PWF will ‘not be hosting’ World Whale Day fest
Email announces cancellation but officials are said to be reformatting February events
The Pacific Whale Foundation’s World Whale Day & Parade of Whales appears to be up in the air after the nonprofit organization announced to supporters via email that it would not be hosting the event in February.
The foundation emailed supporters Monday that it would “not be hosting the parade or the all-day festivities” at Kalama Park. Between 17,000 and 20,000 people attend the annual event. It is the highlight of the foundation’s Maui Whale Festival — a series of events throughout February that celebrate the humpback whales that migrate to Maui every winter.
“Since 1980, we have presented the Maui Whale Festival as part of our mission to protect the oceans and marine wildlife through research, conservation and public education,” the email states. “Our goal is not only to build awareness, but also commitment and action as a result.
“This is why Maui Whale Festival 2018 will offer enhanced educational components, more targeted outreach, and better opportunities for meaningful engagement and activism.”
Communications Manager Alison Stewart said Friday that she could not confirm whether the foundation would be hosting the event or not. She said officials are still reformatting events and finalizing the schedule.
Stewart said she expects a full list of events to be announced in mid-November.
“I personally can’t really comment on that,” she said of whale day plans. “We’re still in the process of finalizing it. The message that went out was geared toward members asking about what’s already been planned because they’re making trips to the island. We didn’t make a formal announcement for what’s going to be on the agenda.
“I don’t think anyone is taking it over, but I can’t say with finality what’s going to take place.”
The whale day and parade is one of the four largest single-day events on the island, and losing it would be a blow to local businesses, Maui County Economic Development Director Teena Rasmussen said. Maui’s other three large events are Fourth of July, Halloween in Lahaina and the Maui Marathon.
“We are very sorry to hear that Pacific Whale Foundation will no longer be able to put this event on, and we are hopeful there may be another community organization or multiple organizations that will step up to continue this great tradition,” she said.
Nearly 20 food vendors and over 100 Made on Maui crafters, local service vendors and entrepreneurs participated in the 2016 event, according to an Office of Economic Development report. Made on Maui crafters reported gross individual earnings of more than $1,500, with one reporting over $7,500.
The event appears to attract a large number of Mainland and international visitors, according to the report. Of the 17,500 attendees at the 2016 event, 39 percent were U.S. visitors and 16 percent were international visitors.
Rasmussen said that the event may have become too much for the foundation to host. She said that the nonprofit “really did not expect a lot from other sources” and only applied for a grant once in her six years with the Office of Economic Development.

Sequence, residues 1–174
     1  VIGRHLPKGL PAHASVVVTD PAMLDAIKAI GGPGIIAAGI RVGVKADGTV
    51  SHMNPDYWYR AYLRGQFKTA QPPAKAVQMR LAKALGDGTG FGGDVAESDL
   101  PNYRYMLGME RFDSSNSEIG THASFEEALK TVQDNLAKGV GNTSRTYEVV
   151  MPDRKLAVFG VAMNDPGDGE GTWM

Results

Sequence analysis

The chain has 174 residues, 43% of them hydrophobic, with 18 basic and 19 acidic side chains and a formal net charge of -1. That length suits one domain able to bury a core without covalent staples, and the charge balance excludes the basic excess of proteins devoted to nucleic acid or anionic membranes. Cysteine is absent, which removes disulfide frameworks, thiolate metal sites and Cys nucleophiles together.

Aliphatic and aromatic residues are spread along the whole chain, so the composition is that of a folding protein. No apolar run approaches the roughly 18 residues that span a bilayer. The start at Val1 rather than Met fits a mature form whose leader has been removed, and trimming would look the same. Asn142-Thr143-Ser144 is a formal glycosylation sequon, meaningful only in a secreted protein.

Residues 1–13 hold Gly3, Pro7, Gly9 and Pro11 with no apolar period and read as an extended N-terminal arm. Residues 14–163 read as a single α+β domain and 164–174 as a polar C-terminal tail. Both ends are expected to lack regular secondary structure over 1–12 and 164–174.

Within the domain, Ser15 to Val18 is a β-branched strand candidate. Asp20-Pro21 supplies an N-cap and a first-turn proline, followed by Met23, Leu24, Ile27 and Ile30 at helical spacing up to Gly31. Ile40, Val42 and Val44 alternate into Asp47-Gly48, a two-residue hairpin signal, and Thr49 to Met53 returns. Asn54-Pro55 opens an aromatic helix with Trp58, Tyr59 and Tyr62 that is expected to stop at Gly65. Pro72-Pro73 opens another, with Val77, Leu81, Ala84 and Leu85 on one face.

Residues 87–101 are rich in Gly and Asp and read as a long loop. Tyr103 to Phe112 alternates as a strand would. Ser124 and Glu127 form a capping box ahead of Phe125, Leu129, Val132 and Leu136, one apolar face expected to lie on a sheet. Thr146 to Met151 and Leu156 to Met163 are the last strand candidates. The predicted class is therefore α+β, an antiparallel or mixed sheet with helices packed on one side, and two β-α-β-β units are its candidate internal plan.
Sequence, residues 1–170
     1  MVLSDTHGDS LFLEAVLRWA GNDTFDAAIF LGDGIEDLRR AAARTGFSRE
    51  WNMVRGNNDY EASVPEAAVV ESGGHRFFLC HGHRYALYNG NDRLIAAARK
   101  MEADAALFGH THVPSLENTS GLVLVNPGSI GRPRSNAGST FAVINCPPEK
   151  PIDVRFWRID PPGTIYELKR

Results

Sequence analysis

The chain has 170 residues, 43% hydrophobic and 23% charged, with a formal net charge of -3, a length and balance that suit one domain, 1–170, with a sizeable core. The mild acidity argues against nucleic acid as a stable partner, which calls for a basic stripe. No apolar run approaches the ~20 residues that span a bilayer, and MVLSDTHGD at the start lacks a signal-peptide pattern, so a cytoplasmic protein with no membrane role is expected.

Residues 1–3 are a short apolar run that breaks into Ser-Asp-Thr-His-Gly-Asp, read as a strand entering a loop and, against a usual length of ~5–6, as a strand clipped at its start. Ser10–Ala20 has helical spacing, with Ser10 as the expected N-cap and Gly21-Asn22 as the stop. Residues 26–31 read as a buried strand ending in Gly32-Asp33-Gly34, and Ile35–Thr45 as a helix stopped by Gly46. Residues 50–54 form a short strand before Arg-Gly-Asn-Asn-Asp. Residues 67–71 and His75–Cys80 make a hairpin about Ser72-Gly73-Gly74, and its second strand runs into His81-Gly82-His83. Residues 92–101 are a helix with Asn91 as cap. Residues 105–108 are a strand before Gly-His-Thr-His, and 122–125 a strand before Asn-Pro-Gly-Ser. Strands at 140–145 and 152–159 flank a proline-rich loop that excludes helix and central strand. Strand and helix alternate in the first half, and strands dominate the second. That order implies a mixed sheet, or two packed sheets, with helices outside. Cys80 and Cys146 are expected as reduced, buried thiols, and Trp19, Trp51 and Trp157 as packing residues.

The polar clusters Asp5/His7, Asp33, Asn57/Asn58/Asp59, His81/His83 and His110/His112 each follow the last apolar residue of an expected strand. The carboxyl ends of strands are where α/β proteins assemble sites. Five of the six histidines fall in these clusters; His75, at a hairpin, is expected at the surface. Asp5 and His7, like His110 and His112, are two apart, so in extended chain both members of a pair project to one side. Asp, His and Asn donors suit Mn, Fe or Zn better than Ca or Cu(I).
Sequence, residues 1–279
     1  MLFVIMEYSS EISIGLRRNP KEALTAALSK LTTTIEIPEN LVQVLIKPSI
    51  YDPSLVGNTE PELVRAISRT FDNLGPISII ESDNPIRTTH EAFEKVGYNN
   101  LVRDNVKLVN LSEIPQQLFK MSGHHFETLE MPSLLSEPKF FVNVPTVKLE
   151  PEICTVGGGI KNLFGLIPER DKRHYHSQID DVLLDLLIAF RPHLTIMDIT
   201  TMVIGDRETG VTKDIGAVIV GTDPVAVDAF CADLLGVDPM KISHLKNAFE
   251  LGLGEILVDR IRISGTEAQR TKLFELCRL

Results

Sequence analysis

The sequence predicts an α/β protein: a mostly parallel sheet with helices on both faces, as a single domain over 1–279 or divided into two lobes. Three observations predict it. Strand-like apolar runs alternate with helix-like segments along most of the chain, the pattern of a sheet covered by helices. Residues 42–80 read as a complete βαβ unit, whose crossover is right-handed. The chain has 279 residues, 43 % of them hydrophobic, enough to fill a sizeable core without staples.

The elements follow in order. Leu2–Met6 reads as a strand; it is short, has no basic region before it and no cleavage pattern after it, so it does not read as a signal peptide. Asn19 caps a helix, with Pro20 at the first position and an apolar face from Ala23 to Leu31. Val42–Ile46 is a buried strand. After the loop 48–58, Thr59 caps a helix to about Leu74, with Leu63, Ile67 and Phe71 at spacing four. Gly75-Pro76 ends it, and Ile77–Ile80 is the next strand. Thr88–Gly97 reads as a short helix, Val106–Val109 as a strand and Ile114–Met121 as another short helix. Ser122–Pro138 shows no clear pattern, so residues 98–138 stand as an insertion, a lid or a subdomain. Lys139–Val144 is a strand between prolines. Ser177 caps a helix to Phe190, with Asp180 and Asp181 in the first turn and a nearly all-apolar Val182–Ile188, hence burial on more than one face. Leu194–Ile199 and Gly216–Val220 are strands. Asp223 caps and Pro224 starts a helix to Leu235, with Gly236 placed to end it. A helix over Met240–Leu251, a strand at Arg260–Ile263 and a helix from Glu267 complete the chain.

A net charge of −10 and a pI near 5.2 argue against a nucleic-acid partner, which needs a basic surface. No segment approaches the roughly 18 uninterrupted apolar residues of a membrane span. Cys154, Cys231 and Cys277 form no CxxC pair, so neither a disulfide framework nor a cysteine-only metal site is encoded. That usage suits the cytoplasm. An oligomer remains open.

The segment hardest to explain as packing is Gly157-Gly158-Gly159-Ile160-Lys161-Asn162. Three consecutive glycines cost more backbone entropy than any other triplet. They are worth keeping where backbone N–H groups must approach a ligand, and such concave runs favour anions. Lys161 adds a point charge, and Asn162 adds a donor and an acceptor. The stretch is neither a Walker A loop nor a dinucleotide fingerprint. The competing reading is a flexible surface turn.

“It was $15,000, which is relatively small to help put that event on,” she said of the 2016 grant. “From what I know, it had gotten so big and was a huge stretch for their capacity. It was possibly a monetary drain rather than a monetary gain.”
Stewart said that the event began as a barbecue picnic at a park and grew over the years. She said it has gone through various iterations, with the parade introduced sometime in the 1990s.
“We’ve noticed every year that it’s grown in not just the numbers, but what’s available as well as the time and resources to plan the event,” she said.
The foundation reports spending $225,000 annually to host seven whale festival events, including the whale day and parade. The other events are: Run and Walk for the Whales, World Whale Day Online Auction, Weekend with the Experts, Wild and Wonderful Whale Regatta and the Great Whale Count.
There are reports of residents trying to organize the event in the wake of the foundation’s email, with some recruiting local businesses as sponsors. Rasmussen said it is not impossible for another group to pick up the event, but “raising enough money to actually pull it off would be quite difficult.”
She estimated it would take at least $50,000.
“I think they’re probably too late to pull off all the logistics in time and also pull together funding,” she said. “If they started writing grants now for next winter then I think they could absolutely do it.”
Rasmussen said organizers of Maui’s three other biggest single-day events take only a break of a couple weeks before planning the next one. She said the Made in Maui County Festival, which her office presents alongside the Maui Chamber of Commerce, takes only a month off before starting up again.
“I know the Kihei community loves (the whale day) event . . . and I know it’s difficult to let go of it,” she said. “But for all the events we do fund out of this office, I would highly recommend everybody take a breath and get the proper organization and planning rather than do a halfway event in such a short amount of time.”
For information on the 2018 Maui Whale Festival and list of events, visit mauiwhalefestival.org.
* Chris Sugidono can be reached at firstname.lastname@example.org.